reviewed elsewhere on this site) and hit videos on the likes of MTV
for her singles and outright high sales of several of her concerts on
home video. She completed her goal of being a Rock icon in her own
right, trashed ageism an d sexism with ease, created one of the most
positive discourses in music history and only grew and grew as an
all-time force in the industry.
118 minutes, they could have gone on and that would have been fine
with me and they do skip some of her later work or incidents (she
survived a stroke,) but she eventually triumphed on and off stage the
best she could, even if some of the pain remains. She tells it like
it is as usual and when all was said and done, it still felt like she
had a few more big hits in her, maybe something more to share that
was incredible and amazing. Its great to see her again and I cannot
strongly recommend this one enough.
include two clips that promote this well: #LoveTina Celebrity
Tributes and Culture Closeup.
for playback performance. The 1080p 1.78 X 1 digital High Definition
image on Bee Gees has a bunch of great vintage footage to go
with the music clips, live performances and new interview footage.
More than a little bit of the older footage can have flaws (fading or
damage on film clips, definition limits on any old low-def analog
video clips) and some of those cannot be fixed, so this is a
authentic as it can get and no fake manipulation has been applied to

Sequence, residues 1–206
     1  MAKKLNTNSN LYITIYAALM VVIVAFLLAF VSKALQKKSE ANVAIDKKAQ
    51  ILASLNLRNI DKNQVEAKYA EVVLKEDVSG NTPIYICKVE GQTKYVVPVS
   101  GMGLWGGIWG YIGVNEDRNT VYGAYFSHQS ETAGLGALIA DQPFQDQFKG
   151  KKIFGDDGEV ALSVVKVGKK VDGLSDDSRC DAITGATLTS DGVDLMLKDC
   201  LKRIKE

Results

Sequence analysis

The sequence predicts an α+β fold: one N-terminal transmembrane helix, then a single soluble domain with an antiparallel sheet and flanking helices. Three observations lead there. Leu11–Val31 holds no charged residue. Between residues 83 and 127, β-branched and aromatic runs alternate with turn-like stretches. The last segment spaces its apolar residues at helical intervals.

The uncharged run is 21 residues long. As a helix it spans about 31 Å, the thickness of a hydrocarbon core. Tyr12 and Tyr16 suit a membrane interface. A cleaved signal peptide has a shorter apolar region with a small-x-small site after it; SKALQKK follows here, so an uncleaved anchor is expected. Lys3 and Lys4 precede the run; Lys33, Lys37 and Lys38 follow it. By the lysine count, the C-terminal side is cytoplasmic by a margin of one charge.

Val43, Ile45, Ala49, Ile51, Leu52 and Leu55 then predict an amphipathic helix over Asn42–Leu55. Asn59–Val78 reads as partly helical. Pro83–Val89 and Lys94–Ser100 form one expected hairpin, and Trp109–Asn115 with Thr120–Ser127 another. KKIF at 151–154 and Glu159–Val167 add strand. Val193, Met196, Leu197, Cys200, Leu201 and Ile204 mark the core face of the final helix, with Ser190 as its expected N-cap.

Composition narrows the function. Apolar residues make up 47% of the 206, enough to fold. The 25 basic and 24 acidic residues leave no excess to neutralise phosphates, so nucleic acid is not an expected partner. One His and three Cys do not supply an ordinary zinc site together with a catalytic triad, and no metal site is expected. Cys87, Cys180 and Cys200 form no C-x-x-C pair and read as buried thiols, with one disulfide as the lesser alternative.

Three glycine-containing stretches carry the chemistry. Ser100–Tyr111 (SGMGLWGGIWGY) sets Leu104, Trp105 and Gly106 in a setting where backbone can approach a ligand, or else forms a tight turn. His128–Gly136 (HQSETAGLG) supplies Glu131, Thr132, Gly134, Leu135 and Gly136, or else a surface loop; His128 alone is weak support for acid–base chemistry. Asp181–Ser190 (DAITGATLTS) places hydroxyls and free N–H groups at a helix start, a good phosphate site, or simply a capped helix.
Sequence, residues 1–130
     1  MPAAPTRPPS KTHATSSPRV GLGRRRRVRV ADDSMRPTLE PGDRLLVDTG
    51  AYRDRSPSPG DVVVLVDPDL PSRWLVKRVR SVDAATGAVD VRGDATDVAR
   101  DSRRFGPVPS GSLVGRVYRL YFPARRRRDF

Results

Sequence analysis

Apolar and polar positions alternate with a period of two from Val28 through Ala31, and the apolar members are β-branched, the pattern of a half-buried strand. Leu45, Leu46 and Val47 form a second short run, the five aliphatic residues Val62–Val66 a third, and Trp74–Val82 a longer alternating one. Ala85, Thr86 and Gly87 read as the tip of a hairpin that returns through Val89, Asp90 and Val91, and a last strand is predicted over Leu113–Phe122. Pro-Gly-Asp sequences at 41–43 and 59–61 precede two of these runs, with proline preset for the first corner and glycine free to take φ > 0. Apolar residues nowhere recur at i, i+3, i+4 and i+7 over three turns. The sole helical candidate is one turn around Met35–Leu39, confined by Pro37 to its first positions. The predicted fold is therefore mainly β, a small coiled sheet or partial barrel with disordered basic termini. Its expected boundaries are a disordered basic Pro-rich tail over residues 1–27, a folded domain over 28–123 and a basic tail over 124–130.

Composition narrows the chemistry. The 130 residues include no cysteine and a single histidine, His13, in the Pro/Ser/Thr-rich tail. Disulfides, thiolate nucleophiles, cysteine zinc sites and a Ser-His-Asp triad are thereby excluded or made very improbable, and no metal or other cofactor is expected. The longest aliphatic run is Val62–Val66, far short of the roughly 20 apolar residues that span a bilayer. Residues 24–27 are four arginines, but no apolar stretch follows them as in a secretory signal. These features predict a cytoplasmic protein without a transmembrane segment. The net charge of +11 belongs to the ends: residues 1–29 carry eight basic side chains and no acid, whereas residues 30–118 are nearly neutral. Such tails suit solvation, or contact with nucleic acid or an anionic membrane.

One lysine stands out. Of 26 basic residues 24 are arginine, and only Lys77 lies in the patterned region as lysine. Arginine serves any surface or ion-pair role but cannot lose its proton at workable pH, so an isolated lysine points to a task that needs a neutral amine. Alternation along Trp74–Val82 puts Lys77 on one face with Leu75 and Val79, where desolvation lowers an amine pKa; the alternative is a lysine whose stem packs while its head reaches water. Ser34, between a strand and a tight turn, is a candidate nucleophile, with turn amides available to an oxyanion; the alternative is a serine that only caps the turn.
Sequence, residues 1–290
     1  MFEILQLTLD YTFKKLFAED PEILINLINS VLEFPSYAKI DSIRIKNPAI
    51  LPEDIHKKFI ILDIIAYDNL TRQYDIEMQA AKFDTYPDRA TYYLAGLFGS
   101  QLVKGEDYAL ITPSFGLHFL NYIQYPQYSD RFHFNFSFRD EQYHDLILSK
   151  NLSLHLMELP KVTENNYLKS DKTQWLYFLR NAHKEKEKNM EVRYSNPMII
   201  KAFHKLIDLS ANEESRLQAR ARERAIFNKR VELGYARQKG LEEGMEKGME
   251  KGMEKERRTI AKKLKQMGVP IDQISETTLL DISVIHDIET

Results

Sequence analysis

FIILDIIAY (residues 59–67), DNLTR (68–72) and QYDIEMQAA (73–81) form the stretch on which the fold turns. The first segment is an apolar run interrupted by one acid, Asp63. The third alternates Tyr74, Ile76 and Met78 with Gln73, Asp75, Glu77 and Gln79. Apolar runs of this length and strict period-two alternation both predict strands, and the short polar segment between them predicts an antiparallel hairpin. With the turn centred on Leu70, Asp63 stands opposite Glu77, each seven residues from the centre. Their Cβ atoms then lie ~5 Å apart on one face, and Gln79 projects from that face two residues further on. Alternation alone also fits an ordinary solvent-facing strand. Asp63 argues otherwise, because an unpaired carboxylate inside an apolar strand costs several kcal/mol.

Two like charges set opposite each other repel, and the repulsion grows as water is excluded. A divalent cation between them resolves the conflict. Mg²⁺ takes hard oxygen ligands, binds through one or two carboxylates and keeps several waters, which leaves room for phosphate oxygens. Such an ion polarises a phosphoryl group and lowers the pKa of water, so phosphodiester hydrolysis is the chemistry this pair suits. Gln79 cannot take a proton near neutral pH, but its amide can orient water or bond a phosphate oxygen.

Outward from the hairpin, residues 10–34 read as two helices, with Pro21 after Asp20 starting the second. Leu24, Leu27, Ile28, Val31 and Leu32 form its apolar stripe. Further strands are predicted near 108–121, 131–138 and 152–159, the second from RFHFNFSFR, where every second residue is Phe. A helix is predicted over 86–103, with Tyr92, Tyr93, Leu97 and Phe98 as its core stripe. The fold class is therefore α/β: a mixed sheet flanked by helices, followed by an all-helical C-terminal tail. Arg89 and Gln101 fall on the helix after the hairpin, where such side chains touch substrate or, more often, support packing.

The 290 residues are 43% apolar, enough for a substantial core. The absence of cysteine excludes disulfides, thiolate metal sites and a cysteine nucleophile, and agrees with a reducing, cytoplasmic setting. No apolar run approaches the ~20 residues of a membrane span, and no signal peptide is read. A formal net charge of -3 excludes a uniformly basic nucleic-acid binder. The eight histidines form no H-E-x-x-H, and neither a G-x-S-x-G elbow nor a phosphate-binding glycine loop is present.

any fo the footage. This is all pretty color correct too.
1080p 1.33 X 1 digital High Definition image transfer on Blues
can show the age of the materials used a little bit, but this was
shot on full color 35mm film and holds up very well. Someone took
care of the master material and this is scanned in 4K.
1080p 1.33 X 1 digital High Definition image transfer on Broadway
looks really good and is a pretty good representation
of a 35mm dye-transfer, three-strip Technicolor film print, with a
very wide range of color and
1080p 2.35 X 1 digital High Definition image transfer on the Respect
Blu-ray is one of the best HD-shoots I have seen in a while with good
styling and color quality throughout, a good use of the scope frame.
The anamorphically enhanced 2.35 X 1
image DVD is passable and not anywhere near as good, but it likely
could not look better in the format. Hope a 4K edition eventually
leaves the 1080p 1.78 X 1 digital High Definition image transfer in
Tina with some great older stills and footage, including